All-static implementation

Of course, like most languages that support static methods, F# could simply be rewritten to use all static fields and methods, rather than hand back the singleton object instance upon which we invoke instance member operations.


It is important to note that due to the implementation of the CLR, using statics (as above) will not actually be scoped to the entire CLR/process, but only to the AppDomain that loaded the class. This is discussed in more detail in a variety of different places, including books and papers that I have written, as well as numerous other sources. (However, with the fading favor of the AppDomain, this may be a moot point in a future version of the CLR.)


Being a language that runs ont the CLR, F# has no stronger concurrency guarantees than C#, though it certainly prefers to take a different approach to the design of objects than C# has traditionally embraced (F# prefers to build immutable objects over mutable ones). However, given that the Singleton often holds state, and that state tends to be immutable (after all, a constant global is often a compile-time constant and therefore no reason to use Singleton at all), it is generally safe to assume that any Singleton in F# will need to have some kind of concurrency control around it just as any C# or other CLR-based language would.

Thread-local scopes

As it turns out, a related concurrency example of Singletons is also an example of “scoping” Singletons differently than traditionally assumed. .NET 4.0 makes available a ThreadLocal class that will implicitly store the value, but store separate values per Thread. The docs demonstrate some C#-based usage:

using System;
using System.Threading;
using System.Threading.Tasks;

class ThreadLocalDemo
  // Demonstrates:
  //      ThreadLocal(T) constructor
  //      ThreadLocal(T).Value
  //      One usage of ThreadLocal(T)
  static void Main()
      // Thread-Local variable that yields a name for a thread
      ThreadLocal<string> ThreadName = new ThreadLocal<string>(() =>
          return "Thread" + Thread.CurrentThread.ManagedThreadId;

      // Action that prints out ThreadName for the current thread
      Action action = () =>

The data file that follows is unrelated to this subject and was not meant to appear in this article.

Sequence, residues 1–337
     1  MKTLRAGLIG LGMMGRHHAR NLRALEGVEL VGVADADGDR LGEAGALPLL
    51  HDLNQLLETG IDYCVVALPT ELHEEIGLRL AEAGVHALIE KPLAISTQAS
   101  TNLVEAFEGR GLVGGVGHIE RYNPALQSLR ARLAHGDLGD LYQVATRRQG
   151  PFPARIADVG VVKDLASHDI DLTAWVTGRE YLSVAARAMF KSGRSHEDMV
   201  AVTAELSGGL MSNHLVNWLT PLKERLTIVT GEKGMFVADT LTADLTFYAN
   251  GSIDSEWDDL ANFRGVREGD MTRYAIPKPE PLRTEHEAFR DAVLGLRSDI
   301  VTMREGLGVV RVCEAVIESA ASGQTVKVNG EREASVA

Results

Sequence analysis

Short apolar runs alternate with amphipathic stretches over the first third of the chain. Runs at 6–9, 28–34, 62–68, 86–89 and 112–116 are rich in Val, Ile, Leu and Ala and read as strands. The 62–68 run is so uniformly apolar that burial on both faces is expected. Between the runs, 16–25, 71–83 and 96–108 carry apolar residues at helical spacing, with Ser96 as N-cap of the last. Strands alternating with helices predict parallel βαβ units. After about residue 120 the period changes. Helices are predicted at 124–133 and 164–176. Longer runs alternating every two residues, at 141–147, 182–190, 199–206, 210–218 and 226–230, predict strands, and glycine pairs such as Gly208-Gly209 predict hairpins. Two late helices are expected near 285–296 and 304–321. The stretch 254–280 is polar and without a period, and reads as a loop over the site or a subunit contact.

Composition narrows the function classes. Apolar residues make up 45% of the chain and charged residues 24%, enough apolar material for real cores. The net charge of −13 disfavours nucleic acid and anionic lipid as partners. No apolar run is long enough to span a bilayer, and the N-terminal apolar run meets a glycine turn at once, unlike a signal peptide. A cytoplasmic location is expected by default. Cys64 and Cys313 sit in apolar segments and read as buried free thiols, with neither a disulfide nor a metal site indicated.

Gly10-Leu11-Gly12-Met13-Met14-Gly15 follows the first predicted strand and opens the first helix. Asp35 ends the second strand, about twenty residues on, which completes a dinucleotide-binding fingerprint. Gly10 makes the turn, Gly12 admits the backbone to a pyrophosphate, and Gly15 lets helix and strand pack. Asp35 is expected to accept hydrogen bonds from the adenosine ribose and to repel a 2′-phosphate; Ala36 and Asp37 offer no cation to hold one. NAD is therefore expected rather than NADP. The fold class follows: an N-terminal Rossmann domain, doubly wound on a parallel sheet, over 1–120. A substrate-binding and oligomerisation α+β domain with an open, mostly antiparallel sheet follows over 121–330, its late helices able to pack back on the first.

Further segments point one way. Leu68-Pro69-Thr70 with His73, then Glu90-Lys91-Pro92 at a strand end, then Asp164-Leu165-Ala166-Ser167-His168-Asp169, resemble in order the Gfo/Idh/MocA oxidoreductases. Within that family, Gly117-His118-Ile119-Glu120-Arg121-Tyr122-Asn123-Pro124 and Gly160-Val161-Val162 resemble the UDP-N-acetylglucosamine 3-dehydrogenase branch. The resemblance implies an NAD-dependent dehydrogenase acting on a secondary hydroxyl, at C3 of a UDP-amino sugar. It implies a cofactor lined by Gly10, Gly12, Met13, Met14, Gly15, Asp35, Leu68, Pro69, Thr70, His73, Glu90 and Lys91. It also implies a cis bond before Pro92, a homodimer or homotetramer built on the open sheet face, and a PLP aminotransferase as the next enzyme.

// If ThreadName.IsValueCreated is true, it means that we are not the
          // first action to run on this thread.
          bool repeat = ThreadName.IsValueCreated;

          Console.WriteLine("ThreadName = {0} {1}", ThreadName.Value, repeat ? "(repeat)" : "");

      // Launch eight of them.  On 4 cores or less, you should see some repeat ThreadNames
      Parallel.Invoke(action, action, action, action, action, action, action, action);

      // Dispose when you are done

Each time action is invoked, the “thread-specific Singleton” thread name will be returned.

This then makes it much easier for a Singleton implementation to manage a single instance per thread, rather than one instance across all threads.


Note that the CLR is a platform which supports an opt-in automatic object serialization mechanism, and as such, if the Singleton is marked [Serializable], developers must take additional care to ensure that the Singleton, when deserialized, still remains the only instance. (Joshua Bloch talks about this in Effective Java; I’ve seen no .NET-specific book discuss this issue in any degree of depth or detail, unfortunately.) However, it’s fair to ask why a Singleton might need to be serialized in the first place; if it is still determined that the Singleton must be serialized, then the follow-up question must be, “What happens when Singleton A is deserialized into a CLR where Singleton B already exists?” This becomes an important question around any state held in the two Singletons (which by itself, being a contradiction in terms, should be a red flag to the entire conversation), and whether that state should be merged, replaced, or cast aside. Danger Will Robinson, danger.